“It was only through this largescale sequencing of human genomes that we realised how fundamentally important SWI/SNF is to cancer biology.  

“It’s clear now that around 30 per cent of all human cancers have an alteration in the sequence of the genes encoding SWI/SNF. The original efforts to sequence the human genome and make it publicly accessible paved the way for these findings, and made an enormous contribution to our understanding of cancer.”

Profile photograph of Professor Downs looking at the camera and smiling

Image: Professor Jessica Downs

Transforming the way we diagnose and treat disease

Not only has our knowledge of the human genome’s sequence transformed our understanding of human diseases like cancer, but also our ability to treat it. We’re moving towards a medicine that is predictive, preventive and personalised.

Genomics had not entered the mainstream healthcare setting until very recently. Just over a decade ago, being able to sequence the genome of a patient with an unknown disease in order to achieve a diagnosis was uncommon. Now, it is a reality for many people, especially those who are suspected of having a rare genetic disease.

In fact, it could become routine in a not so distant future. Professor Ros Eeles, who is Professor of Oncogenetics at the ICR, leads the 90S Study together with a co-lead, Dr Michael Sandberg, Honorary Clinical Fellow at the ICR and General Practitioner. Their initiative looks at how genomic medicine could be integrated into primary care in the UK.

As part of the study, researchers will analyse the entire ‘germline’ genetic code of people attending a GP surgery and report on around 600 separate genetic changes known to be associated with a range of diseases, including cancer. Germline mutations are those that can be passed on from parent to offspring.

“Over the last quarter of a century, we’ve seen incredible progress in identifying genetic alterations that are linked to the risk of diseases like cancer, opening up the possibility to intervene early to improve patients’ health,” says Professor Ros Eeles.

“The aim of the 90S study is to use genetic screening as a practical way of picking up genes associated with cancer and other diseases, so that doctors can act sooner rather than later.

“The project, which is ongoing, will give us crucial information about whether genetic screening in primary care could be feasible, and how we should go about seeking to implement it within the NHS.”

Professor Ros Eeles

Image: Professor Ros Eeles

Powering drug discovery

Another area that benefitted from the discovery of the human genome sequence is drug discovery. Knowledge of all the human genes and their functions created new opportunities for discovering and developing novel drugs, changing research strategy and how researchers approach drug discovery.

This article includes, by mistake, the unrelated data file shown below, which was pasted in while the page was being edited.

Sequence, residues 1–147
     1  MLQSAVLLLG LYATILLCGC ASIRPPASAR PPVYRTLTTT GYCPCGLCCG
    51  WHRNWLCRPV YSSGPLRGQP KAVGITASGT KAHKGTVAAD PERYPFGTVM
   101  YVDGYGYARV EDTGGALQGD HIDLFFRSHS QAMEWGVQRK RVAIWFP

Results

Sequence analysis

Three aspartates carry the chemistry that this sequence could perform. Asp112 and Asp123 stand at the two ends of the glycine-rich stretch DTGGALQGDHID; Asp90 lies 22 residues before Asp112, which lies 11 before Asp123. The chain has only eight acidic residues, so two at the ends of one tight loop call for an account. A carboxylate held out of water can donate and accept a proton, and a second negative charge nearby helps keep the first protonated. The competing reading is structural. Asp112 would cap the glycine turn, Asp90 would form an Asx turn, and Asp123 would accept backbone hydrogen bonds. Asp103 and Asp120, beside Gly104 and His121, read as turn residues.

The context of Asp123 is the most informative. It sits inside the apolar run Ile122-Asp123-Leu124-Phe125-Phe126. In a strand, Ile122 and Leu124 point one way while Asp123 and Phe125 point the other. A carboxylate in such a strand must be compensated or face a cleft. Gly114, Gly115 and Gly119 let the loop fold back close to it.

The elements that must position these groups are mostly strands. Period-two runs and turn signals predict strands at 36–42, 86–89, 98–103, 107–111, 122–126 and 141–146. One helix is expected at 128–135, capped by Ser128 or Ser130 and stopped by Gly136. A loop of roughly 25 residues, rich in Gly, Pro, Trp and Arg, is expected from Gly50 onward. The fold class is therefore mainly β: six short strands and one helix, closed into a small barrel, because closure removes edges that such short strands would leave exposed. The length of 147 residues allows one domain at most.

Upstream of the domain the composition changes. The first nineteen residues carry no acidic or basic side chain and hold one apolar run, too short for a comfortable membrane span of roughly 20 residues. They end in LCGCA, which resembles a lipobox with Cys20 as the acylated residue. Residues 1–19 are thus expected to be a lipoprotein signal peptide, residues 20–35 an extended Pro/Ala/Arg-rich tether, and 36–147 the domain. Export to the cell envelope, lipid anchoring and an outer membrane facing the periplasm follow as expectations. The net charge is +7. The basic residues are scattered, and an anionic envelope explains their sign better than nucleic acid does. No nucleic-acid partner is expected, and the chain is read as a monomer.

By being able to apply genomic technologies such as gene sequencing to drugs that are being developed, scientists can speed up the process by figuring out in a more efficient way whether certain drugs act on their target, while also gaining insights into drug metabolism.

“The Human Genome Project initiative and technologies were the engine that started up the international Cancer Genome projects enabling the mapping of the genomes of hundreds of thousands of cancer patients. Through this, we were able to rapidly uncover cancer driver genes, and to discover drugs for those, at unprecedented speeds,” says Professor Bissan Al-Lazikani, who leads the Computational Biology and Chemogenomics Team at the ICR.

For example, about half of all melanomas – a type of skin cancer – have genetic changes in the BRAF gene. The mutated BRAF protein helps these cancers grow. Being able to sequence the human genome was key to identifying drugs that are able to target this mutated protein. Another example is a targeted drug approved for Acute Myeloid Leukemia (AML), which targets IDH1 gene mutations.

“Importantly, having access to the human genome sequence and new genomic technologies is also vastly improving our ability to stratify patients for therapy and empower clinical trials to deliver new drugs to patients,” says Professor Al-Lazikani. “In fact, a study I co-led, which focused on analysing the mechanisms of action of all approved drugs, showed that oncology is the area where most innovation in new drugs has happened in the previous 10 years – which are the years that have benefitted from the data obtained from the Human Genome Project.”

We played a major role in characterising the BRAF gene and its role in cancer.

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Looking ahead

There is no denying that identifying and mapping all of the genes of the human genome has brought progress to many fields, especially cancer research. As we have seen, the international, collaborative research programme accomplished a great deal.

We can feel confident that genomics will play a key role in the next decade, helping scientists make even greater advances – who knows what the next era in genomics may have in store?


genetics Bissan Al-Lazikani Ros Eeles genome sequencing genomics DNA Jessica Downs